Continental unveils new dandelion natural rubber factory in Germany

continentalContinental has just opened a research laboratory in Anklam, Germany, for their new innovative dandelion-plant based natural rubber. The company is the first in the world heavily invest in industrialising dandelion rubber.

The new research laboratory, covering an area of 30,000 sqm, will be the base for future research on farming and the extraction process of Russian dandelion marketed as Taraxagum. The facility will initially house a team of 20 personnel.

Future plans involving the surrounding areas of Anklam include enlarging the dandelion farms to 800 hectares to support the research of scaling up production of Taraxagum.

The company, together with the Fraunhofer Institute for Molecular Biology and Applied Ecology (IME), the Julius Kühn Institute, and the plant breeder Aeskulap, first started researching Russian dandelion roots to replace natural rubber from rubber trees in 2011. The roots are specially cultivated to produce a high yield of latex from a larger size.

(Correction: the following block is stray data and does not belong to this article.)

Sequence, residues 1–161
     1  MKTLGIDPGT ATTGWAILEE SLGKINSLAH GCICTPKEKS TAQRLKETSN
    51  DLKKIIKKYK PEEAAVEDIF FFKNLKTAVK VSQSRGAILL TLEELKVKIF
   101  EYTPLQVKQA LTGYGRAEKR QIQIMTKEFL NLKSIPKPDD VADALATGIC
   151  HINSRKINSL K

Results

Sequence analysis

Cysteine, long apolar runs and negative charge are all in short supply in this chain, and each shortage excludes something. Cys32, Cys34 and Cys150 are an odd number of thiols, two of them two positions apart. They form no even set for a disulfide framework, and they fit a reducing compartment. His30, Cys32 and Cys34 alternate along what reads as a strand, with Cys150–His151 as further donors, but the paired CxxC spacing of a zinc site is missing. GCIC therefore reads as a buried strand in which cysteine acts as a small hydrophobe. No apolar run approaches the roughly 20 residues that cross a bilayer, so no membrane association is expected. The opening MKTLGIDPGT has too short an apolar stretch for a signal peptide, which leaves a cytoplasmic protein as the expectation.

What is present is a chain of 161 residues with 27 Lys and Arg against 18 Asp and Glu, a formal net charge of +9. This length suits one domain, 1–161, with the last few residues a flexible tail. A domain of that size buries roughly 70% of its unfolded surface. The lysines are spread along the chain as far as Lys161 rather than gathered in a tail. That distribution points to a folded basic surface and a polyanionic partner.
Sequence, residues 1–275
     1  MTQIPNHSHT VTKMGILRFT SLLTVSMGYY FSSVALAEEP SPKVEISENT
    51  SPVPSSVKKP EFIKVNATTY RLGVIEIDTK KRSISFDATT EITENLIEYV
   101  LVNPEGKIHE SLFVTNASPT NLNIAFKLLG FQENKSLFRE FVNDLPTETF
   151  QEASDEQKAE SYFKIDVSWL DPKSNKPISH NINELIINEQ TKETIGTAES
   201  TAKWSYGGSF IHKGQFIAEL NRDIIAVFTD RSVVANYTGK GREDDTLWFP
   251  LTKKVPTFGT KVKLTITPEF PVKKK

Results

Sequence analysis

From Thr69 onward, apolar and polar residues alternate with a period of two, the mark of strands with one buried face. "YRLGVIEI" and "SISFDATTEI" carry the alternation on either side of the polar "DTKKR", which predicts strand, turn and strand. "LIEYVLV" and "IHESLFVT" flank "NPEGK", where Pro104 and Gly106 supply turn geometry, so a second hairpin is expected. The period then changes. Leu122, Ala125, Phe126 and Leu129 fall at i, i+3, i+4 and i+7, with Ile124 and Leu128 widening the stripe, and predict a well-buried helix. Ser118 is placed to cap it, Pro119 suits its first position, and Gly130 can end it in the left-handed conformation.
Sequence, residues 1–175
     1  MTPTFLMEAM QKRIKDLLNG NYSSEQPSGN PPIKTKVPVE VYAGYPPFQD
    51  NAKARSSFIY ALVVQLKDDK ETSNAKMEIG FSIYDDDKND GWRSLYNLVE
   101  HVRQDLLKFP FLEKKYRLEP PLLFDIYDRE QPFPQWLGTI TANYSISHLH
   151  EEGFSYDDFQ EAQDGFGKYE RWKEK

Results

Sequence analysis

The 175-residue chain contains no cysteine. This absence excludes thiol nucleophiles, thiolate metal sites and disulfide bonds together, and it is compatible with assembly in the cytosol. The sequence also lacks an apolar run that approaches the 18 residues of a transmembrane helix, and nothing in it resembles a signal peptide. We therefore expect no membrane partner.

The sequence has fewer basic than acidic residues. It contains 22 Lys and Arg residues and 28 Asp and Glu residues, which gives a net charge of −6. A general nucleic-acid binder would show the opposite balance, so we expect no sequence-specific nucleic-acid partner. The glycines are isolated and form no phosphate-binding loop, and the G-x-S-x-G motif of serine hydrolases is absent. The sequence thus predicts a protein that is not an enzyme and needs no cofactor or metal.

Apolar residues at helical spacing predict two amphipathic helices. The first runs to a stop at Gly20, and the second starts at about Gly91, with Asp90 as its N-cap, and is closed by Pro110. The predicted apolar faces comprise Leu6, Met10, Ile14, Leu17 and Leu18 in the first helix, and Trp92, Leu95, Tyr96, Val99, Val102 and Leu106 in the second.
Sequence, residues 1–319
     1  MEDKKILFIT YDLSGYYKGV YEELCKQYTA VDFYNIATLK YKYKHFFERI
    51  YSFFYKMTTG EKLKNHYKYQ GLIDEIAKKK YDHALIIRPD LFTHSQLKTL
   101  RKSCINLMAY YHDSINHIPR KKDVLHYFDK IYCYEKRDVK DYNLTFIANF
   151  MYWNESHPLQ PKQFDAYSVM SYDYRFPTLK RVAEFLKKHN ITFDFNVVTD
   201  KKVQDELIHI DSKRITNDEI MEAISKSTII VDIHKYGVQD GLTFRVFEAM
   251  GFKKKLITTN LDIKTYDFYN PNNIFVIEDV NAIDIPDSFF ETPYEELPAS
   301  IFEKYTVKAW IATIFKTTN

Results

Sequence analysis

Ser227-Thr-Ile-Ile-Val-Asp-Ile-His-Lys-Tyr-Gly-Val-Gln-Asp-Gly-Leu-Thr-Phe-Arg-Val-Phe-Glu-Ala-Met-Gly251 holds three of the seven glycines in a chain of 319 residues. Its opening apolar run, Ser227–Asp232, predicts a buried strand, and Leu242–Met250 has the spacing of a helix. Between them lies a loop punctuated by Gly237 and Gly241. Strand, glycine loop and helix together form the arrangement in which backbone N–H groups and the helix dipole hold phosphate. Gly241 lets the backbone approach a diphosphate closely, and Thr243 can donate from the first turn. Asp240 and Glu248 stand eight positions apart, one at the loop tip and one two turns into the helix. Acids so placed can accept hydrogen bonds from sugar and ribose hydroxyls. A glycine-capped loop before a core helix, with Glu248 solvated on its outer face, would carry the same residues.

Continental and the research partners have achieved two breakthroughs with Taraxagum. The first product, a winter tyre featuring a tread made from Taraxagum, was tested in 2014, followed by a truck tyre in 2016. Continental is aiming to have Taraxagum ready for series production within the next 5 years and then gradually introduce it into volume production.

Apart from reducing dependency on traditionally produced natural rubber in the tropics, dandelion can be cultivated in Northern and Western Europe, significantly reducing transportation time and cost plus contributing to the sustainable use of existing resources.

Dr. Andreas Topp, Continental’s Head of Material and Process Development and Industrialisation for Tires said, “Furthermore, a natural rubber tree requires up to seven years before the first pieces of useable rubber can be harvested. By contrast, natural rubber from dandelion plants could be harvested several times a year without any waiting time at all.”